Great Britain's Jonnie Peacock defeated the USA's Richard Browne in a much-anticipated 100m T44 sprint showdown.24 Jul 2013
Jonnie Peacock winning the men's 100m T44
“I’m very lucky - I shouldn’t have got away with that, but at the end of the day it’s about talent,”
Great Britain’s Paralympic champion Jonnie Peacock raced to victory in the much-anticipated 100m T44 sprint showdown on day four of the 2013 IPC Athletics World Championships in Lyon, France.
Despite a poor start, the 20-year-old managed to stay just ahead of American Richard Browne, who set a new world record in qualifying the day prior.
Peacock crossed the line in 10.99, a new championship record, whilst Browne, just 0.02 seconds behind, took silver. Bronze went to 2011 world champion Jerome Singleton.
“I’m very lucky - I shouldn’t have got away with that, but at the end of the day it’s about talent,” said Peacock. “To be honest with you, my 10.87 yesterday wasn’t me trying. I didn’t have a great start again today, I ran upright from about 50m onwards and still managed to run that time.
“I thought my time was going to be quicker, I shouldn’t have got away with that stumble.”
Alan Fonteles Oliveira raced to victory in the men’s 100m T43, showing just why he is the poster boy of Rio 2016 as he added the shorter sprint title to the 200m gold he won on Sunday (21 July). The Brazilian clocked 10.80, a new championship record, and just 0.03 seconds off the world record he set in Berlin last month.
Blake Leeper and Joshua Kennison took silver and bronze for the USA, respectively.
There were no surprises as Brazil grabbed all three medals in the women’s 100m T11. Angola’s Esperanca Gicaso was clearly feeling the pressure as she jumped the gun, becoming the first athlete to receive the red card so far these World Championships.
With three left in the field it was simply a matter of who took which colour – although it would always have been hard to bet against defending champion Terezhina Guilhermina.
The 34-year-old duly lived up to expectations, taking the title with relative ease, and a time of 12.16. Jerusa Santos won silver and Jhulia Santos the bronze.
Russia’s Dmitrii Safronov powered to the line in the final 50m of the men’s 100m T35 to take gold in a championship record time of 12.49 ahead of Iurii Tsaruk of the Ukraine.
Nineteen-year-old Raymond Martin of the USA kept his cool to catch Salvador Hernandez in the closing stages of the 100m T52 after the Mexican sped out the blocks first. The win keeps Martin’s hopes of five world titles alive, with three in the bag and just the 200m and 400m to go.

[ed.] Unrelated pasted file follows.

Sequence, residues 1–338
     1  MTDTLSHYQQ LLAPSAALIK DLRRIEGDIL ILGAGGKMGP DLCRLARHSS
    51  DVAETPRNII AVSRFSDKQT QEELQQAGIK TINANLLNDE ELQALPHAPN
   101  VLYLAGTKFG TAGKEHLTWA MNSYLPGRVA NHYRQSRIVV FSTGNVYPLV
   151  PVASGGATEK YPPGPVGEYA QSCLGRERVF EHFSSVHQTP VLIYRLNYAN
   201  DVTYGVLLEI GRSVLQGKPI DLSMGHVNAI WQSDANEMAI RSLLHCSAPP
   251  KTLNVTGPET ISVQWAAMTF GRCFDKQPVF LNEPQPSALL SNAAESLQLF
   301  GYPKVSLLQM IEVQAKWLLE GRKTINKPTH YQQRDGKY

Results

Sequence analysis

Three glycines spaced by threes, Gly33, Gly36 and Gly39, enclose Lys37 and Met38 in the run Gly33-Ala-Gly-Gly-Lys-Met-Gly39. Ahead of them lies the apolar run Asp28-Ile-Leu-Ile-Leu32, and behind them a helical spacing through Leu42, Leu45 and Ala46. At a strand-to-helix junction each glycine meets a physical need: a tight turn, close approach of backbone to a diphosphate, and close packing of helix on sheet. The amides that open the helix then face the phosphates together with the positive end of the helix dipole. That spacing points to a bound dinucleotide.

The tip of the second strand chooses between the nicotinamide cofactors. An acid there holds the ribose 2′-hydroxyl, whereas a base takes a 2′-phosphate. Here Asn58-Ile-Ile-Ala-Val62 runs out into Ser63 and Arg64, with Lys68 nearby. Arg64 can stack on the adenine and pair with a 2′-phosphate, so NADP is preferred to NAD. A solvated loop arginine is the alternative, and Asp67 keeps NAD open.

Great Britain’s Paralympic champion Richard Whitehead had to fight hard to retain his 200m T42 title, after a poor start. But his steely determination paid off as he battled his way through the field, passing Australian Scott Reardon in the final 20m, and crossing the line in 24.95.
“It was tough today,” said Whitehead. “I had a bit of bad situation last week. I broke one of my feet whilst out training then had a quad injury. It was all about crossing the line first, I really dug deep in that last 20m, it was so tight. That was probably the hardest last 50m in a 200m I’ve ever had to do.”
Reardon had to settle for silver – although he did get the better his German rival Heinrich Popow, who finished third, just as he did in London last year.
Korea’s Min Jae Jeon held on for gold in the women’s 200m T36 after running a strong bend, with Germany’s Claudia Nicoleitzik improving on her bronze in 2011 with silver this time.
Tatyana McFadden showed everyone how it’s done in the 800m T54, pushing off strongly to take an early lead before leaving the rest of the field in her wake as she took her third title of Lyon 2013 in world record time.
The American clocked 1:44.44 to continue her clean sweep of medals, with the 100m, 400m and 1,500m still to come. Silver went to Manuela Schaer, with her Swiss compatriot Edith Wolf taking bronze.
“It’s unbelievable – it was really tough but I was confident in my training and I trusted myself. The support from fans has been helpful as well. I am quite positive for the 100m even though it’s going to be such a competitive race once again.
China’s Hongzhuan Zhou set a new championship record qualifying for the final of the women’s 800m T53 yesterday, and she was on top form once more, adding the world title to the Paralympic gold she won last year.
Pushing for home with 250m to go, Zhou held on valiantly down the home straight, finishing ahead of the Australian duo, Angela Ballard and Madison de Rozario.
Silver medallist in the javelin F11 two years ago in New Zealand, Anibal Bello got the better of the 2011 world champion Vitalii Telesh this time around as he threw 46.17m to win Venezuela’s first gold medal of the Championships, over 6m clear of the Russian.
Birgit Kober continued Germany’s success in the women’s field events Javelin F33/34, throwing 27.45m – a new world record – in her opening attempt to defend the title she won in 2011, whilst Reinhardt Hamman’s second throw of 45.72m was enough to take gold for South Africa in the javelin F37/38. Mexico’s Estela Salas took the title in the women’s javelin F52/53.
The Ukraine’s Dmytro Prudnikov set a new personal best of 7.15m in the long jump F20, whilst it was silver and bronze once again for Croatia’s Zoran Talic and Portugal’s Lenine Cunha, medallists at the Paralympic Games 11 months ago.
The Netherland’s Iris Pruysen went some way to make amends for her fourth place finish in London with victory in the long jump T44. Home favourite Marie-Amelie Le Fur took silver, with Mami Sato of Japan taking bronze.
Russia won the 4x100m T11-13 once again, having taken the title in New Zealand, with the USA clinching silver and France - much to the delight of the crowds – winning bronze.